My book family buys a run-down old farmhouse at the end of book 3 (Rhythm & Rhyme) on Tiger Mountain, east of Seattle. It’s on five acres of land backing on to a state forest, and is hidden behind a stone wall.
This house becomes a character in its own right in the series, so I spent some time imagining it, drawing the plans, and eventually mocking up a view from the front. The house is eccentric, which in this case is another way of saying *ugly*, built in stages over the years.
I think I have a slight obsession with houses. We grew up with huge drawerfuls of Lego, and all I ever made with Lego was houses. I didn’t play with the houses. I just made them. The three most fun parts about making Lego houses were:
This last one was important. When you’re constructing a tiny Lego house, you’re essentially working in “plan view”, looking down on it as you sit on the floor amid a pile of Lego bricks. So to get that 3D view at the end, to actually imagine yourself in the rooms, you need to look through the windows.
I also obsessively drew house plans in my younger years — ridiculously huge mansions with secret corridors and ballrooms and inside balconies. One of the reasons for my interest was, I’m sure, that I grew up in the most incredible 3-story Victorian house in suburban Birmingham (UK), complete with a deathtrap attic, a secret walled-off room on the top floor, and a purported body in the cellar. My dad spent my childhood forever fixing up the place.
(My room was the one at the very top of the house.)
Here’s my mock-up of the house on Tiger Mountain after all four siblings have moved in and shuffled into their final bedrooms. I warned you it was ugly! Swipe (or use the little dots under the image) to see the rooms labeled. (Caleb and Wynter swap rooms and Jesse takes the tower soon after moving in, while Indio later claims the extension at the back.)
The original clapboard farmhouse has a newer extension out the back, and the infamous tower that was scheduled for demolition. There is a long deck running along the other side of the extension (not seen in this pic).
Missing from this picture (because it's well behind the camera) is the front wall and private lane leading to the front door; the rickety carports attached to the house on the concrete area, because Caleb pulls them down pretty quickly; and a couple more sheds in the fields.
Here's the plan view about 18 months after they've all moved in (furniture is just representative, not necessarily exactly right). Jesse has taken over the tower. Indio uses his second bedroom as a studio. The basement has become a recording and rehearsal studio and den, along with a couple of small bedrooms and sunken garden.
Shown here is the first floor (what we call the “ground floor” in the UK and Australia) of the house on the right, with the basement on the left slotting underneath, and the second floor on the left fitting directly on top.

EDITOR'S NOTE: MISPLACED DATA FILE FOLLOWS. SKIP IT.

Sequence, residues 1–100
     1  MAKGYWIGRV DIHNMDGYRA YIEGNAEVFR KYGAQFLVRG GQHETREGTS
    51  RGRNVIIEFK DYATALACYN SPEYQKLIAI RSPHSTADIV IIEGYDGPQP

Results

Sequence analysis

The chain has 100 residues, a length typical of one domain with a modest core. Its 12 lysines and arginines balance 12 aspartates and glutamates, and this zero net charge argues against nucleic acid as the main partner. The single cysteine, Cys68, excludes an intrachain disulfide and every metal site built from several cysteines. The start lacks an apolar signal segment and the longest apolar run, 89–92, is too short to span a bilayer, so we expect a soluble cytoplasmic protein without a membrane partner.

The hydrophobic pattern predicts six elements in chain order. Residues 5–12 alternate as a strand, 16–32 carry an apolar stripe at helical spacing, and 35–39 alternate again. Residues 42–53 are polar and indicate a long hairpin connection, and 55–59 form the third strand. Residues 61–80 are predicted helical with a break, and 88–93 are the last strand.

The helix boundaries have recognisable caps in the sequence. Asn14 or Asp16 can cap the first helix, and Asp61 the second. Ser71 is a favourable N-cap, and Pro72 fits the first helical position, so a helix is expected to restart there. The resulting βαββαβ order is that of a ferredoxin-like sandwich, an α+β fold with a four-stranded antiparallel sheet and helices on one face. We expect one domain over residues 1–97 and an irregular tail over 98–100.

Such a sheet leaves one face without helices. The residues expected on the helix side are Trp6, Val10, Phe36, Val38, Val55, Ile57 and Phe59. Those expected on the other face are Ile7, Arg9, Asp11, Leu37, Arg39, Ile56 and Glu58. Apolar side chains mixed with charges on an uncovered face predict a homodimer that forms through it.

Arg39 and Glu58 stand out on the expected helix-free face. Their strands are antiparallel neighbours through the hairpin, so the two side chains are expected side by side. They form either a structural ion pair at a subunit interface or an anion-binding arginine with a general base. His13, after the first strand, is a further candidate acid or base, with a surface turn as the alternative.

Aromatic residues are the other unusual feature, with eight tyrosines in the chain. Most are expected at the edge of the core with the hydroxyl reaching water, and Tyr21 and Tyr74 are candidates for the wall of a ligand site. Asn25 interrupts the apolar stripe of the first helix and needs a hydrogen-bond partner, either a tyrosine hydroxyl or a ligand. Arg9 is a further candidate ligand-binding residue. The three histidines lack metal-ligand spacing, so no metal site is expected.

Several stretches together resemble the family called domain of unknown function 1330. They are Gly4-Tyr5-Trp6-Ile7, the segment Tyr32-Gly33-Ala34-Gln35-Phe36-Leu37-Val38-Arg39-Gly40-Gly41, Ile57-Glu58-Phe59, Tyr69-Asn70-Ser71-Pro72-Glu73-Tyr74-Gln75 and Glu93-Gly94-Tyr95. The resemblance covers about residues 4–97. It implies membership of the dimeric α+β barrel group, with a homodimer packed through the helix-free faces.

This gives you an idea of what the deck looks like, as it isn’t visible in the above images.
Lego houses are my first love, but my second love is building digital houses with the Sims! I used to satisfy my house-building fetish with the Sims years ago because all my childhood Lego was at my parents’ place. Then I purchased The Sims 3 and built the house on Tiger Mountain.
As with Lego, I love building Sims houses but I don't enjoy the game itself. It lets me build a fairly realistic 3D model of the house and walk through each room, which is what I've done for the house on Tiger Mountain house.
Please understand I have a non-functional sense of aesthetics when it comes to house decor, and especially in creating an appealing exterior view with this program, so I did the best I could. Due to limitations of the game, the rooms aren't exactly the same as the plans above but they match approximately.
The property is located at the end of a winding mountain road. There wasn’t one of those in the Sims town so you’ll have to pretend there are trees everywhere and that the street goes up to the gate. Here’s the view over the wall, with the new garage on the far right and the main farmhouse on the left. The driveway from the gate to the garage is much longer than this in “real life” but I was limited by the small size of the lot. For the same reason, the backyard is truncated – no room for the goats, but I did include the features closer to the house. Behind the tower you can see the gazebo out the back inside the stone-walled garden.
At the front door. The Sims does weird things with the roof when the building shape is irregular, as you can see on the right – that’s the angled hallway leading into the tower, which makes more sense in the later shots below.
Let’s go inside and we’ll look at the back garden later.
This is the view as you enter – doorway to kitchen on the left, living room straight ahead with (out-of-view) door to the tower on the right, and the French window to the deck straight ahead.
(Note that I removed walls to take some shots.)
Here’s the kitchen looking back into the entry hall, a front (bay) window on the right, breakfast bar (or island bench), and behind it on the left is the archway to the dining room.
(The near wall, which is the left wall of the house, is removed).
Aerial shot of the kitchen. The window overlooks the front driveway.
This view is from the living room looking through to the dining room (and kitchen at back left). That’s Harry’s piano!
And on the right wall you can just see the French window going onto the deck.
A view of the living room from a high angle over the front door, looking into the house. The white door in the middle leads to the tower. The French window is on the far left.
This odd-shaped room isn’t used much because they have a more comfortable family room in the back extension.
Leading off the dining room is the corridor of the extension.